Jamaica still has not developed the capacity to grow consistently at three per cent, and above, because we still have some of the same structural issues that inhibit high levels of growth. This has been identified by Aubyn Hill, who has been saying so publicly, and in conversations I have had with him.

The fact is that GDP growth is not a linear relationship with increased economic activity.

Economic activity is like someone who borrows money to drive a high-end car and pay rent for a luxurious home. There is a lot of perceived activity but the fundamentals is that there is no growth in his/her assets.

On the contrary, someone who is frugal and saves his/her money and invests in growing assets, and drives a five-year-old car, may be seeing substantial growth in their assets.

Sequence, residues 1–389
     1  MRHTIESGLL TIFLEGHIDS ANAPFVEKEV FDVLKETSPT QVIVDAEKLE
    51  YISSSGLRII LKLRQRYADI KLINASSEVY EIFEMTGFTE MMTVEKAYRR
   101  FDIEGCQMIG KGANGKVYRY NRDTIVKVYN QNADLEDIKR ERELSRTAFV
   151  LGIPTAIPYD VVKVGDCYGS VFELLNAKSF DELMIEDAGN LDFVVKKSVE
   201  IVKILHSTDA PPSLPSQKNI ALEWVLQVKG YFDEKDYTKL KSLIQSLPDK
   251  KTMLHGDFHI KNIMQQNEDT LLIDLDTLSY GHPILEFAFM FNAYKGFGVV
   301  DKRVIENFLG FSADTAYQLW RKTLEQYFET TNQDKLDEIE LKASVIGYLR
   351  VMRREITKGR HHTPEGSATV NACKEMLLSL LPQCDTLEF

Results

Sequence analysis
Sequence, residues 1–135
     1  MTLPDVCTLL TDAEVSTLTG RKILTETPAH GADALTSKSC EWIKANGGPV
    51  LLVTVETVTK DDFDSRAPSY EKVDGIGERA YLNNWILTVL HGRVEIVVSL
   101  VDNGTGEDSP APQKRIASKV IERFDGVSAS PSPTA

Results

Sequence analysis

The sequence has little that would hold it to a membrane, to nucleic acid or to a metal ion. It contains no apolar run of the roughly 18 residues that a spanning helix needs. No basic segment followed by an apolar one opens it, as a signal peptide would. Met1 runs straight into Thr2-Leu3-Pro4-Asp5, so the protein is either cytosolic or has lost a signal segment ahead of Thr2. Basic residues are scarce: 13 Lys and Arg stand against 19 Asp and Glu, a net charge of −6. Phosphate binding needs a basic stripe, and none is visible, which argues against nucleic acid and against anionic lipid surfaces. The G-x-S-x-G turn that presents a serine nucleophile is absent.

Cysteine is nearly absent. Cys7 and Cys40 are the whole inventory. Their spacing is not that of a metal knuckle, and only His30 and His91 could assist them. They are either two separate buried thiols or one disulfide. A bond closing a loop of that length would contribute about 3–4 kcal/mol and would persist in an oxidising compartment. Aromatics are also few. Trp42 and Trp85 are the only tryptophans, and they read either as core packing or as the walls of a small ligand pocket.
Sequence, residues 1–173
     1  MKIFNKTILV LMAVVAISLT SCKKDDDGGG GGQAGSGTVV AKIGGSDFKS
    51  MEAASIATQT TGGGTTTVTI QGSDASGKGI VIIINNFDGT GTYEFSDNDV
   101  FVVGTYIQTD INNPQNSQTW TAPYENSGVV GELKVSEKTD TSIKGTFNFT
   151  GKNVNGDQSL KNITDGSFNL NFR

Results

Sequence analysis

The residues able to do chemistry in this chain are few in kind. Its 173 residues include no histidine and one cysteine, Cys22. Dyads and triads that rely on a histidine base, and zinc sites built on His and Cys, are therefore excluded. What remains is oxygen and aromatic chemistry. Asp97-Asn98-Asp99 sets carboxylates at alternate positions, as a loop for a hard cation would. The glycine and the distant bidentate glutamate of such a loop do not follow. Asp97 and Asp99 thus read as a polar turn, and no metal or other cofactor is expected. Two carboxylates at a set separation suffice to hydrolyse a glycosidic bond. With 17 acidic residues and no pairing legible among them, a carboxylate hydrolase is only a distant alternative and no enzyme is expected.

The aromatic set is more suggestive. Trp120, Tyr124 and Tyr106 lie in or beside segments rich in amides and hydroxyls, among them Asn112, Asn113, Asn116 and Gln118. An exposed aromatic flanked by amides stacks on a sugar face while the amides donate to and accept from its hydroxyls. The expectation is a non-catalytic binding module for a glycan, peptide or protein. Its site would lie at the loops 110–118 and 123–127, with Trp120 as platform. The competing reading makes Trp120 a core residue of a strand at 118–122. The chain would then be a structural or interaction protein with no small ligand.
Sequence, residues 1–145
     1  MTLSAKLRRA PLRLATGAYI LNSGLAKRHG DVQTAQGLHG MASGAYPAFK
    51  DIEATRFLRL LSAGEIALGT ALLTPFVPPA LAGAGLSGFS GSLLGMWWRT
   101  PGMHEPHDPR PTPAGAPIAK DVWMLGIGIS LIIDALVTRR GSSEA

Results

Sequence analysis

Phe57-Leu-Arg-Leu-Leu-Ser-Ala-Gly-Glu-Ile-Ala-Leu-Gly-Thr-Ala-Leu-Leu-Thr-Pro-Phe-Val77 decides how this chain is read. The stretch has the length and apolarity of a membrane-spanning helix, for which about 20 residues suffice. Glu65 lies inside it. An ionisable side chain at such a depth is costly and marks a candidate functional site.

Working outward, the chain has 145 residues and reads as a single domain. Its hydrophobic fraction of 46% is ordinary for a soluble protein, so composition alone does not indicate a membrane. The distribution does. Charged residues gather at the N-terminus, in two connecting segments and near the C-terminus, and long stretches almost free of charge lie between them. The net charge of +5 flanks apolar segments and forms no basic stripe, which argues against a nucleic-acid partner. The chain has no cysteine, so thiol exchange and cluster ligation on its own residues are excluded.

In the same manner, we see more and more tourists coming to Jamaica, but this does not mean it translates to high levels of growth, as we are still having a high import content level. So in effect what we are doing is exporting growth.

Growth may, however, come from improving the value of Mobay's Hip Strip by reducing crime, harassment, disorder, and improving the infrastructure. So instead of getting US$200 per night for a room, we get US$500 per night, on the same cost structure. So the US$300 additional is pure local value being created.

It also means (as Aubyn says) improving our infrastructure such as water and roads, as this not only has short-term employment and economic gains, but improves long-term productivity and product quality.